The Economics of HIV/AIDS in Low-Income Countries: The Case for Prevention
AbstractThere are two approaches to reducing the burden of sickness and death associated with the human immunodeficiency virus (HIV), which leads to acquired immunodeficiency syndrome (AIDS): treatment and prevention. Despite large international aid flows for HIV/AIDS, the needs for prevention and treatment in low- and middle-income countries outstrip the resources available. Thus, it becomes necessary to set priorities. With limited resources, should the focus of efforts to combat HIV/AIDS be on prevention or treatment? I discuss the range of prevention and treatment alternatives and examine their cost effectiveness. I consider various arguments that have been raised against the use of cost-effectiveness analysis in setting public policy priorities for the response to HIV/AIDS in developing countries. I conclude that promoting AIDS treatment using antiretrovirals in resource-constrained countries comes at a huge cost in terms of avoidable deaths that could be prevented through interventions that would substantially lower the scale of the epidemic.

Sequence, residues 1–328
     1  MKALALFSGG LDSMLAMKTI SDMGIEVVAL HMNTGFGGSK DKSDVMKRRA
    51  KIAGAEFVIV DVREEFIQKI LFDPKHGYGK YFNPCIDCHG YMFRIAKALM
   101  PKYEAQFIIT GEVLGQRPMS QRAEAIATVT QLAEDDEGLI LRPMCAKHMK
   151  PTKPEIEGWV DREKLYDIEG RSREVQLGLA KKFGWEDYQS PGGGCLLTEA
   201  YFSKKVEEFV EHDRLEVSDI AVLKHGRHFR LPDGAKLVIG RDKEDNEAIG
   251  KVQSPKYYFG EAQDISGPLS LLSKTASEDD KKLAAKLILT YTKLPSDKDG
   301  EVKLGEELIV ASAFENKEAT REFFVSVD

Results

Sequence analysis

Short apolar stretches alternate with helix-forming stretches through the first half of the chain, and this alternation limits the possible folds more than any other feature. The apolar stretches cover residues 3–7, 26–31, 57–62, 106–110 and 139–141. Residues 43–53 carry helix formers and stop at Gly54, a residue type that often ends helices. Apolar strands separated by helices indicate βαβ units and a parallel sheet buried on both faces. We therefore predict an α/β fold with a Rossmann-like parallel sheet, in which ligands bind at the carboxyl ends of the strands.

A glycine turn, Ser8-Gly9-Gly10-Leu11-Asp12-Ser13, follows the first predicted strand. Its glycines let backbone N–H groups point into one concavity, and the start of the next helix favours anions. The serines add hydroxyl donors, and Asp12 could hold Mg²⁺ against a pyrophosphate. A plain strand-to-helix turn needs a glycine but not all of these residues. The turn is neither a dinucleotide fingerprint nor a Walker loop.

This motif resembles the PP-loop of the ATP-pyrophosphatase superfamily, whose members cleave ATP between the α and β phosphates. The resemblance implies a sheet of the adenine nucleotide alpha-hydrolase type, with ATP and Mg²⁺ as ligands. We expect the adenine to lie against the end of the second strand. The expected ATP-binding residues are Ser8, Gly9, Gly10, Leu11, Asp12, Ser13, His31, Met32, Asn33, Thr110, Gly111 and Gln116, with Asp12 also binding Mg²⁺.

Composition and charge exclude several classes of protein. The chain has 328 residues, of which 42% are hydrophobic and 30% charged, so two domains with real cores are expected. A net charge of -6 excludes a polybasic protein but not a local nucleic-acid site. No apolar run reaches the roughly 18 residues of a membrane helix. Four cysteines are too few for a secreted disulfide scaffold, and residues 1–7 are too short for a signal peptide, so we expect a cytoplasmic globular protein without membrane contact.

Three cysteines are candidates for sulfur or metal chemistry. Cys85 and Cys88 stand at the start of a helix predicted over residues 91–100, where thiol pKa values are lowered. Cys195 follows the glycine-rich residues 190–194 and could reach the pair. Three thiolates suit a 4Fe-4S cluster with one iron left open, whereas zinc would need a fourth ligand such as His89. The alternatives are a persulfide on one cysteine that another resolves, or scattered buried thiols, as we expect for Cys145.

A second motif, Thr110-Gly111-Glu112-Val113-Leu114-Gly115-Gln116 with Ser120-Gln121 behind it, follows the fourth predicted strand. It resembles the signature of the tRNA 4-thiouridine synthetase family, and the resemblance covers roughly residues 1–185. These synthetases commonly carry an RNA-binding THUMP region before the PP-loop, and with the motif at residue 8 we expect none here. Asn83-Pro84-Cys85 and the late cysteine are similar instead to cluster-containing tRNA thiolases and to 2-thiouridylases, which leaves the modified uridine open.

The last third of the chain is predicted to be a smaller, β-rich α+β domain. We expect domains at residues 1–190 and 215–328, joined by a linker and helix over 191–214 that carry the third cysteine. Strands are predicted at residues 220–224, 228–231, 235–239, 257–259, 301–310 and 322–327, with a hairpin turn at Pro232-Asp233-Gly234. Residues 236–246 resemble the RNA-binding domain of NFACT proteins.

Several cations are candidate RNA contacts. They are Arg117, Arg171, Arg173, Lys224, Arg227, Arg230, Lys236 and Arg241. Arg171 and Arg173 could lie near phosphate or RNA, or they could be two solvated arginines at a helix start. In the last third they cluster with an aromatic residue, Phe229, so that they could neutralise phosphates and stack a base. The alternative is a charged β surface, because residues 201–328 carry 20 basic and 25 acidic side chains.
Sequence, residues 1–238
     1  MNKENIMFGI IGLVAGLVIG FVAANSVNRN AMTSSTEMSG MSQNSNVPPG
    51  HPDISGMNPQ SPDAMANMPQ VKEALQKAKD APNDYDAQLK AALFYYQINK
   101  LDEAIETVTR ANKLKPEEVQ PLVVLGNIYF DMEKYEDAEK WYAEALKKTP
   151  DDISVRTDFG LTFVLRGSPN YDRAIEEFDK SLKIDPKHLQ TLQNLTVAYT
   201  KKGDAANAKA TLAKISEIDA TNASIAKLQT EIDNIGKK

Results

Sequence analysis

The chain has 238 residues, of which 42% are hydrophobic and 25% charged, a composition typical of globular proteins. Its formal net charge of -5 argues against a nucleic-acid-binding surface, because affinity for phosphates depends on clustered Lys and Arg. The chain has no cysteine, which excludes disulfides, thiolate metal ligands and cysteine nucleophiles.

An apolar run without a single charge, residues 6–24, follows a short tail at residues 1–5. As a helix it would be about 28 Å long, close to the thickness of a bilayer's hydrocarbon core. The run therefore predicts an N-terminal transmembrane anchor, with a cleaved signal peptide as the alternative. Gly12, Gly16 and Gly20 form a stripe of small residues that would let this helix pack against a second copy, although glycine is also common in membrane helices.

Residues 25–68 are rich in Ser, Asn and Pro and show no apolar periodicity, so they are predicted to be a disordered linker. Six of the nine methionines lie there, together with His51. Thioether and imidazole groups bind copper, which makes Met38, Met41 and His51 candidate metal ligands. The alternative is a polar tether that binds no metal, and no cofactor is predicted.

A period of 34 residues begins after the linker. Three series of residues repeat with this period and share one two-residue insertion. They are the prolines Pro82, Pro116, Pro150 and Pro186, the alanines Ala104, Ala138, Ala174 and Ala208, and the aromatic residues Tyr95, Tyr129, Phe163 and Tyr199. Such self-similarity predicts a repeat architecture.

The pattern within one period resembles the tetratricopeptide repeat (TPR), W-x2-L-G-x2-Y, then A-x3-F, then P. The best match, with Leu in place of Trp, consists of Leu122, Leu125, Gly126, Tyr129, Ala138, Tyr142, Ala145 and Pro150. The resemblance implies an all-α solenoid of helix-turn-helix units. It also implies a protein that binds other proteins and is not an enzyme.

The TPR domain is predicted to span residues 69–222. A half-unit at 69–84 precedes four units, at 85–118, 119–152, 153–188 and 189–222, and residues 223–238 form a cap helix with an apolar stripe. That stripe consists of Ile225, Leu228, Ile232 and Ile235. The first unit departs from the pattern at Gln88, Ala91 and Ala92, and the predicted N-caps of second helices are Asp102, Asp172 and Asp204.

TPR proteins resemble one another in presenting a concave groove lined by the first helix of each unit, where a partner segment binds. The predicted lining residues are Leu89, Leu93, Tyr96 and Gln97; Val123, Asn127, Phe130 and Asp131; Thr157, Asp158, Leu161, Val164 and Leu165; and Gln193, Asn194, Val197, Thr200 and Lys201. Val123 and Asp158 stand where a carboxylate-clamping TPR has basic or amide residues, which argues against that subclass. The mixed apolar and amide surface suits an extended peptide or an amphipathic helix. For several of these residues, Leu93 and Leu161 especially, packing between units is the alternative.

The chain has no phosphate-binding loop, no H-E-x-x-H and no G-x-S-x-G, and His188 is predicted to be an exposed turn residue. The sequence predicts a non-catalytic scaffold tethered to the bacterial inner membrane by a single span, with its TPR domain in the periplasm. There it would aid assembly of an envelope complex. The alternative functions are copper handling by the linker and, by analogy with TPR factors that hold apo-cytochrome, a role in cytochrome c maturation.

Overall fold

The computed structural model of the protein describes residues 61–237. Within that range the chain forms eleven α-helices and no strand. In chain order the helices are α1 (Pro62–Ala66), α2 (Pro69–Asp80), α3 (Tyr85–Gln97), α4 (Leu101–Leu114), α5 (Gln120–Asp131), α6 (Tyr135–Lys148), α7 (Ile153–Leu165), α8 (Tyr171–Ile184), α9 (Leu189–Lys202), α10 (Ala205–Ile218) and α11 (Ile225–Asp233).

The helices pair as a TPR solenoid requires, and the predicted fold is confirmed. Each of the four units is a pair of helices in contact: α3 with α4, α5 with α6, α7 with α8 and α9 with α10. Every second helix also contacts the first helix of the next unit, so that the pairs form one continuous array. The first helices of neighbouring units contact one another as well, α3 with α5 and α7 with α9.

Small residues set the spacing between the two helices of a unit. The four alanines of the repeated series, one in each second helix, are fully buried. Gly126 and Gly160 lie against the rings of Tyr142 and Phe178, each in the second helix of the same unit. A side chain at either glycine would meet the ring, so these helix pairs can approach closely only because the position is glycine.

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Bibliographic InfoArticle provided by American Economic Association in its journal Journal of Economic Perspectives.
Volume (Year): 20 (2006)
Issue (Month): 3 (Summer)
Other versions of this item:
- David Canning, 2006. "The Economics of HIV/AIDS in Low-Income Countries: The Case for Prevention," PGDA Working Papers 1806, Program on the Global Demography of Aging.
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